LUSAKA, Apr. 28 - Operations of the Zambia Wildlife Authority (ZAWA) have been severely hampered by lack of money following the withdrawal of European Union (EU) assistance amounting to 10 million euros (K48 billion).
ZAWA director general Hapenga Kabeta told the parliamentary committee on energy yesterday that the EU abruptly withdrew support from the wildlife sector after Government diverted money meant for the authority to other areas.
When pressed to explain further, Tourism director Justina Wake said at the time the EU were to release money to ZAWA, then minister of Finance Emmanuel Kasonde opted to buy grain for relief to mitigate the drought, forcing the EU to pull out.
Mr Kabeta said ZAWA was facing operational difficulties and the current management's problem was to keep the authority afloat.
He said the authority's total budgetary requirement was K60 billion but only received K4 billion through Government subversions. He said currently ZAWA was surviving on proceeds from eco-tourism and safari hunting.
He lamented that the bulk of the licences comprised national hunting which did not garner sufficient resources and only served to depress prices of Government trophy.
"Right now, we have suspended hunting of most sought-after buffaloes and banned hunting in Lunga and Luswishi national parks because the animal is under pressure," he said.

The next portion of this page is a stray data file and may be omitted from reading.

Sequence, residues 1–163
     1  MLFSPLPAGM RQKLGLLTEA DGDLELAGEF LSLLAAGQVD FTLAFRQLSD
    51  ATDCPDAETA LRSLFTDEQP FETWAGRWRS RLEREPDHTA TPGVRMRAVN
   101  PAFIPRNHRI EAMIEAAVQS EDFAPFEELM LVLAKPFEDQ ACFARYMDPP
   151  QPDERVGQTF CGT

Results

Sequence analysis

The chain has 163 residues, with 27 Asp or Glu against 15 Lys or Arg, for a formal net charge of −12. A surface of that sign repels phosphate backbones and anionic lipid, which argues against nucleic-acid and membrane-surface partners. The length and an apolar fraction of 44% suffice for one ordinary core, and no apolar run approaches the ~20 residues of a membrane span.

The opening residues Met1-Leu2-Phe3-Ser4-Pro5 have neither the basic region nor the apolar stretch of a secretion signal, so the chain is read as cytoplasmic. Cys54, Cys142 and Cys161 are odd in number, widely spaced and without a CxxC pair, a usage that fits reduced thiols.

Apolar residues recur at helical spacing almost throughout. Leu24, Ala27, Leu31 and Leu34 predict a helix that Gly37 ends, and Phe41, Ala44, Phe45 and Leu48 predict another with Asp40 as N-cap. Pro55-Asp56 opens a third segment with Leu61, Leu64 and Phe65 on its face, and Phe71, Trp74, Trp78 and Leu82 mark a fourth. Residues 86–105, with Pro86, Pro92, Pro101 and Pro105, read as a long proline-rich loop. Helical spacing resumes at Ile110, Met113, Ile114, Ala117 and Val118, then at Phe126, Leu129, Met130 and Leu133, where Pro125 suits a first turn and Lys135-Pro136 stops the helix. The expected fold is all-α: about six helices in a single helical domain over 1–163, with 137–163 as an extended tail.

He said ZAWA was instead, promoting trophy hunting of elephants to ease pressure on the buffalo.
And when chairman of the committee, Mwinilunga West Member of Parliament Richard Kapita (UPND) asked why ZAWA management was top-heavy, Mr Kabeta admitted that six directors were too many for an institution struggling to survive.
He said the structure proposed by Deloitte and Touche would be reviewed next week with a view to restructuring the organisation.
He said ZAWA was working towards removing settlers who had encroached on Isangano, Nsumbu, Kafinda, Mumbwa and Blue Lagoon in Kafue National Park.
And Environmental Council of Zambia (ECZ) director Edward Zulu has warned that Luanshya town could face the risk of flooding following the closure of Luanshya mine.
He, said however, an environment programme had been put in place to ensure that there would not be any negative effects.
Mr Zulu said the council was battling scrap metal dealers scavenging lead particles from the closed mine and creating conditions that posed a health hazard.